Nightclub Safety Under Scrutiny

The 96 deaths in two nightclubs within five days this week could elevate nightclub safety as a public policy issue, as major tragedies often do.

However, different issues were at play in the stampede at Chicago's E2 club early Monday morning and the ferocious blaze that consumed The Station in West Warwick, R.I., on Thursday night.

Both the safety laws governing the clubs and the way those laws are enforced are issues in the early aftermaths of both disasters.

In Chicago, 21 people died when a fight broke out and guards used pepper spray to break it up, triggering a run for the exits that left victims crushed or suffocated.

In the aftermath, a host of questions arose: Was the club open in violation of a court order? Were the exit doors locked? Who hired the guards? Why wasn't a maximum occupancy posted for the club.

The owner of the club, Dwain Johann Kyles, could face fines and more than a year in jail for criminal contempt of court. Kyles and his supporters claim there was no standing order to keep the club closed.

Chicago officials have rejected any suggestion they were slow or lax in their efforts to close down the club, and have rebuffed criticisms of the way they responded to the stampede.

Four days after the Chicago stampede and several states east, at least 75 people perished when pyrotechnics used in a rock concert sparked a fire that gutted The Station nightclub.

There, exit doors were available, but people tended not to use them and apparently tried to exit through the front door. Many of the dead were found near that exit.

Fire Chief Charles Hall said the club, which was at least 60 years old, had no sprinklers because it wasn't required to due to its small size. Hall also said the club had no permit for the pyrotechnics display.

The pyrotechnics were used without permission from the club, said Kathleen Hagerty, a lawyer representing club owners Michael and Jeffrey Derderian.

"No permission was ever requested by the band or its agents to use pyrotechnics at The Station, and no permission was ever given," she said.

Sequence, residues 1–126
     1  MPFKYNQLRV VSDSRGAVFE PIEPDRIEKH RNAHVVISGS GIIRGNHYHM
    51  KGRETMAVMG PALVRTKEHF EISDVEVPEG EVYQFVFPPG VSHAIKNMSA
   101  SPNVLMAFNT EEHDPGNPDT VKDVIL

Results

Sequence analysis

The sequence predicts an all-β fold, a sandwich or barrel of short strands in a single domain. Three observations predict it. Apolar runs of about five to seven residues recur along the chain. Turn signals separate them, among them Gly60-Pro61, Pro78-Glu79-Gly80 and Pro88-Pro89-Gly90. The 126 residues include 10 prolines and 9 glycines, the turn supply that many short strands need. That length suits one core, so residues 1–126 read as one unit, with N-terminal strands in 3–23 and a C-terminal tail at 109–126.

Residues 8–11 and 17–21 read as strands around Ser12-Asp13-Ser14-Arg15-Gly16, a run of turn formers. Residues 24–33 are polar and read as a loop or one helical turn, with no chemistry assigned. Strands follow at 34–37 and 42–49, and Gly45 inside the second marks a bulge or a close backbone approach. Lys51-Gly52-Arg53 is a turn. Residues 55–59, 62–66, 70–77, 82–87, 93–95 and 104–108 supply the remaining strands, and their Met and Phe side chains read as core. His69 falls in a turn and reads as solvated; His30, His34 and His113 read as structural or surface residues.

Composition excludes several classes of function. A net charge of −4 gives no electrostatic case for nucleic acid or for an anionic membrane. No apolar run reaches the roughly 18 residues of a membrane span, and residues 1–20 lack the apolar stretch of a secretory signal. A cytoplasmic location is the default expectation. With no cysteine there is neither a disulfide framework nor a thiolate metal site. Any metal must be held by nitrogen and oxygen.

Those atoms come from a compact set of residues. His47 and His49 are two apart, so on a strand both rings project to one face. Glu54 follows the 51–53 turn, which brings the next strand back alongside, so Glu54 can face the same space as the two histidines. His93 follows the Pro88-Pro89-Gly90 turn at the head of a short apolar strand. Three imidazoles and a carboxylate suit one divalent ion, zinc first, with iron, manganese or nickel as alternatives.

But the band's singer, Jack Russell, said the manager checked with the club before the show and the use of pyrotechnics was approved. And Paul Woolnough, president of Great White's management company, said tour manager Dan Biechele "always checks" with club officials before pyrotechnics are used.

"I'm not going to reply to those allegations, but I do know that the club would have been informed, as they always are," Woolnough said. Biechele could not immediately be located for comment.

The owner of a well-known New Jersey nightclub said Great White failed to tell him they were using pyrotechnics for a concert there a week ago.

In the theatrical pyrotechnics business, the effects that ignited the fire are called "gerbes," from the French word for sparks.

They are relatively simple contraptions, consisting of a powder charge inside a floor-mounted tube or pipe about an inch in diameter. The charge is usually ignited by an electric spark that is triggered by remote control, shooting a tower of flame into the air. A metal additive in the charge, such as titanium or tungsten, gives the flame a sparkling effect.

"It should be very safe if it is done right," said Dorothy Drewes, an editor at American Fireworks News, a trade publication based in Dingmans Ferry, Pa.

When properly operated, the height and duration of the flame produced by any pyrotechnic device can be precisely calibrated, Drewes said.

While it is not immediately clear that the Chicago stampede or the Warwick blaze will lead to new regulations or stiffer enforcement, major tragedies have sometimes prompted important changes in the law or professional conduct.

The most famous case of a tragedy spurring public demands for government action was the Triangle Shirtwaist Factory blaze in New York City, which took 146 lives on March 25, 1911. It led to significant laws protecting workers' health and safety.

In the Dec. 7, 1946 fire at Atlanta's Winecoff Hotel, many of the 119 killed died trying to escape from a building with no fire escapes or sprinklers. The tragedy led to improved building codes around the country.

More recently, the collapse of glass walkways at the Hyatt Regency Hotel in Kansas City, Mo., on July 17, 1981 led the American Society of Civil Engineers to strengthen its ethics rules.